State Parks studies new amenities for Big Basin visitors center lost to CZU fire

California State Parks' Chris Spohrer talks to reporters at Big Basin Redwoods State Park
(Kevin Painchaud / Lookout Santa Cruz )

Nearly three years after the CZU Lightning Complex fires severely damaged Big Basin Redwoods State Park, officials are embarking on a public process to determine how to rebuild some of the facilities lost to fire and make the park more resilient to climate change. The Sempervirens Fund will host a free online webinar Tuesday to kick off public correspondence.

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Big Basin Redwoods State Park — and the rest of the region’s state parks, for that matter — have been through a lot to start this decade.

In 2020, the catastrophic CZU Lightning Complex fires burned about 97% of Big Basin’s 18,000 acres and more than 100 structures, including many visitor facilities, within the state park. However, new life has sprouted in the months and years following the devastation, with wildlife and native vegetation blooming once again. California State Parks officials and scientists have used the opportunity to learn about the evolving fire danger in California and the resilience of nature — and to educate the public on those very issues as well.

Just like the slow rebirth of the burned park, the way visitors experience Big Basin is evolving as well. And the next chapter of recovery is getting underway.

There are big questions to be answered.

What will be offered to the visiting public and where in the park? Prominent among those questions is the new visitors center, the decades-old one lost in the fires. That center might have a focus on Indigenous stewardship and a deeper history of the burned ancient forest. There could also be a new shuttle service to take visitors down into the old-growth redwood forest that burned so severely nearly three years ago.

To kick off that look into the future, California State Parks is working with the nonprofit Sempervirens Fund — California’s oldest land trust — to protect and preserve important natural reserves in the Santa Cruz Mountains. Sempervirens recently purchased Sterrenzee Ridgetop, a 16.5-acre property that connects Big Basin with the 153-acre Gateway to Big Basin that Sempervirens purchased last year.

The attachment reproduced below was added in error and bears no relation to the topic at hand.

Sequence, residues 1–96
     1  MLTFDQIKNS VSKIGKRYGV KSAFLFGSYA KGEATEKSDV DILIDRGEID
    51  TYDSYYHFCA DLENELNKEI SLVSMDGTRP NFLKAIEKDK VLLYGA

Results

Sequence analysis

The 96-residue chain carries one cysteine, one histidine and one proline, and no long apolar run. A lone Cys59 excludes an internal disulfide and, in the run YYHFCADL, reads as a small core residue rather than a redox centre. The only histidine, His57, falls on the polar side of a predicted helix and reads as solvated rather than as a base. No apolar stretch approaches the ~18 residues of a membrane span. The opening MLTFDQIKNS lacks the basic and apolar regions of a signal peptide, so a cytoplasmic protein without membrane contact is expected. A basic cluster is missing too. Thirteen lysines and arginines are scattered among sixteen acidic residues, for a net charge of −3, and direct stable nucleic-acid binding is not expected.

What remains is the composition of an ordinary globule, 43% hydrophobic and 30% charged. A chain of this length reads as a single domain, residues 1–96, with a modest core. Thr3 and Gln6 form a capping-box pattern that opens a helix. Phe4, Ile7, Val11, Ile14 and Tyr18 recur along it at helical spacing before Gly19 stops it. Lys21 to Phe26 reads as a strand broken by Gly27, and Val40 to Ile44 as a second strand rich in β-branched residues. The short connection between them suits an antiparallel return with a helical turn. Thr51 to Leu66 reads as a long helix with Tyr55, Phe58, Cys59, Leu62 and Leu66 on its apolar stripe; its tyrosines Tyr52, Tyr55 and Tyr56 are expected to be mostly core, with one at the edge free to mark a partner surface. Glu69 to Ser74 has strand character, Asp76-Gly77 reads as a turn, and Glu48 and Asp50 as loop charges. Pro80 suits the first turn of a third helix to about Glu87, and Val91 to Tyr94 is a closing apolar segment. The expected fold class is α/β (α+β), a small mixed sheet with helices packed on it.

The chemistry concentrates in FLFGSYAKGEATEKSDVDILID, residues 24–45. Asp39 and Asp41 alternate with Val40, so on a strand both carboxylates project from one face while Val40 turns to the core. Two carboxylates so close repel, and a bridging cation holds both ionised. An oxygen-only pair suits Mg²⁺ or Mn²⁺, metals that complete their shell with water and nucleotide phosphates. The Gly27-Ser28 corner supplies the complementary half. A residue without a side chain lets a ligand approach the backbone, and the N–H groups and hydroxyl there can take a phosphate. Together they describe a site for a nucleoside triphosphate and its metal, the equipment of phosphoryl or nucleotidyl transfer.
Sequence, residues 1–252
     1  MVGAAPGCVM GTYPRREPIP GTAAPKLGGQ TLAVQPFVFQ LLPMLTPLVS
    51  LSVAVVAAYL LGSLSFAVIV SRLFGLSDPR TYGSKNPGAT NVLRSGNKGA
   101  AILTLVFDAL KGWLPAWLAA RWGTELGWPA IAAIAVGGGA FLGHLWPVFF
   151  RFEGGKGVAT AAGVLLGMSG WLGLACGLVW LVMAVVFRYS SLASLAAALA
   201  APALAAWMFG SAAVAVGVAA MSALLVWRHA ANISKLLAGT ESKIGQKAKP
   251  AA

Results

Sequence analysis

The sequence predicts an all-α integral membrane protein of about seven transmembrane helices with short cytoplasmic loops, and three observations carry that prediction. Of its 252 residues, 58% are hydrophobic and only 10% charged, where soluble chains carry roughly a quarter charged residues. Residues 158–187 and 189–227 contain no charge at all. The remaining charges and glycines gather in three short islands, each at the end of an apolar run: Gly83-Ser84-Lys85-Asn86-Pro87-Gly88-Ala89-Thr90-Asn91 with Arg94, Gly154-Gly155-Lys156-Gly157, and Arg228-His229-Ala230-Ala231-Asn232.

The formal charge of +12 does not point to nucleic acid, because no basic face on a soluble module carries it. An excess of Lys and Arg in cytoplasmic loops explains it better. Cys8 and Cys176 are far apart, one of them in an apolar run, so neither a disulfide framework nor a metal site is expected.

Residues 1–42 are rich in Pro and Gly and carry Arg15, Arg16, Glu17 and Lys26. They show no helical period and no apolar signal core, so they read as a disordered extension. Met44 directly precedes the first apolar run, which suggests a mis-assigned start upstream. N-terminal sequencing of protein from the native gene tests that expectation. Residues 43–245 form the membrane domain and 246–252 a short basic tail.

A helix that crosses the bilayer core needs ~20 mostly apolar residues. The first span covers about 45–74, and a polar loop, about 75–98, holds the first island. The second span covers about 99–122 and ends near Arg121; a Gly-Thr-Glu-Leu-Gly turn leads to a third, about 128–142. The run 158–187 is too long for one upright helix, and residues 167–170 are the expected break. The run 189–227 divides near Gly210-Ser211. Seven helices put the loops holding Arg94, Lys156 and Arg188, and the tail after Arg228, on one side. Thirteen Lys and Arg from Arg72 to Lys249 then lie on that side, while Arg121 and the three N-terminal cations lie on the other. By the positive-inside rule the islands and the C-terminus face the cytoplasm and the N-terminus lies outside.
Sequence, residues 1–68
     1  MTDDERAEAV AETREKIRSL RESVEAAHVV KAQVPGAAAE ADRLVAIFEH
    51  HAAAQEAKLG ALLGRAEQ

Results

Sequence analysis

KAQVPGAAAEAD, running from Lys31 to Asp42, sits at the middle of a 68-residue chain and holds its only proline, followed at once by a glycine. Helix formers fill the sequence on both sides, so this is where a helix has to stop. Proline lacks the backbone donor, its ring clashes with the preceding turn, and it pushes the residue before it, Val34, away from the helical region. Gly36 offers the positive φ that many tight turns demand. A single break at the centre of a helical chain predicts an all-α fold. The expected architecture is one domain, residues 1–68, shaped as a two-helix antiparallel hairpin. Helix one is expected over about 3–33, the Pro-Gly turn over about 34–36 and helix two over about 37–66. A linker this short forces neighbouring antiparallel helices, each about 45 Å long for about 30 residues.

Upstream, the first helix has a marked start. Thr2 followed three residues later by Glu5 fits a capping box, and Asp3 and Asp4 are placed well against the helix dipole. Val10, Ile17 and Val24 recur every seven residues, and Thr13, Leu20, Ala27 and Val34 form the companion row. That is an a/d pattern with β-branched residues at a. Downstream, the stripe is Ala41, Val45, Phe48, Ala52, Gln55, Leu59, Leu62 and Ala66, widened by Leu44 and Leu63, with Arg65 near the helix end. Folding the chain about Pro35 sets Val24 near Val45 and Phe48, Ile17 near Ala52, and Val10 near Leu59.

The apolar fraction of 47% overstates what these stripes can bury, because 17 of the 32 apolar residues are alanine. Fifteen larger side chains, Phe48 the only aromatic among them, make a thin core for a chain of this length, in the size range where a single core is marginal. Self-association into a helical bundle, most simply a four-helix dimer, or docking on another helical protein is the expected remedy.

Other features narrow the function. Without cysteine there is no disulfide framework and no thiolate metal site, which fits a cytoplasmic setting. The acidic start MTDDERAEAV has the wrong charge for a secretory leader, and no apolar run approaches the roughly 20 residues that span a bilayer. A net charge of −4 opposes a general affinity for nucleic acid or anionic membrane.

The devastating CZU Complex fire that burned 97% of Big Basin Redwoods State Park is giving way to new growth — and new...

The collection and connection of these properties in the Saddle Mountain Vista area provide a strong option for future visitor-serving facilities, like the planned visitor center and new campgrounds. They did not burn as badly as the rest of the park and have maintained more of their original ecology and second-growth redwoods.

The Sempervirens Fund said it purchased the Sterrenzee Ridgetop property from landowners Kurt and Mary Mortensen for $500,000 and the Saddle Mountain Vista property from Andrea Potter for $376,500.

A map of the Sempervirens Fund's newly acquired properties.
(Via Sempervirens Fund)

Over the next few years, California State Parks will be engaging in public correspondence to determine which facilities will be built and where. That process starts Tuesday at 1 p.m., with a Sempervirens-hosted free online webinar with Chris Spohrer, superintendent of State Parks’ Santa Cruz District. He’ll discuss what’s to come, including status updates on roads and trails that have been closed during fire recovery.

Sempervirens Fund executive director Sara Barth told Lookout that there are a few reasons this new expanded region of the park is vital to the future of Big Basin. Most notably, she emphasizes, the area did not burn as much as the rest of the park, making it a safer location with more of the park’s original ecology. Sterrenzee Ridgetop is near Saddle Mountain, an area with a smaller amount of fuel loadings — the amount of combustible material present in a landscape.

“Parks is really evaluating how they keep people safe in a landscape that will almost certainly burn again,” she said, adding that the Saddle Mountain region and Sterrenzee Ridgetop also maintain much of Big Basin’s recognizable habitat, making it an attractive option for visitor-centric facilities.

“This is really about the larger effort to build out the park in this corner of the landscape to allow for a future of the park that’s vibrant and allows people to access it safely,” said Barth.

Spohrer said reimagining the Big Basin experience is no simple task, but that the recent acquisitions are good starts.

“These properties will certainly be helpful to look at what options we might have in relocating visitor-serving facilities,” said Spohrer.

The future looks different, but Spohrer said he hopes that through the process, State Parks can show how a coveted ecological haven can stand strong in the face of a changing world.

“We’re looking at what we’re doing in Big Basin is hopefully the model for how you can respond and thinking about creating these public parks that are going to be more resilient to climate change in the future,” said Spohrer.

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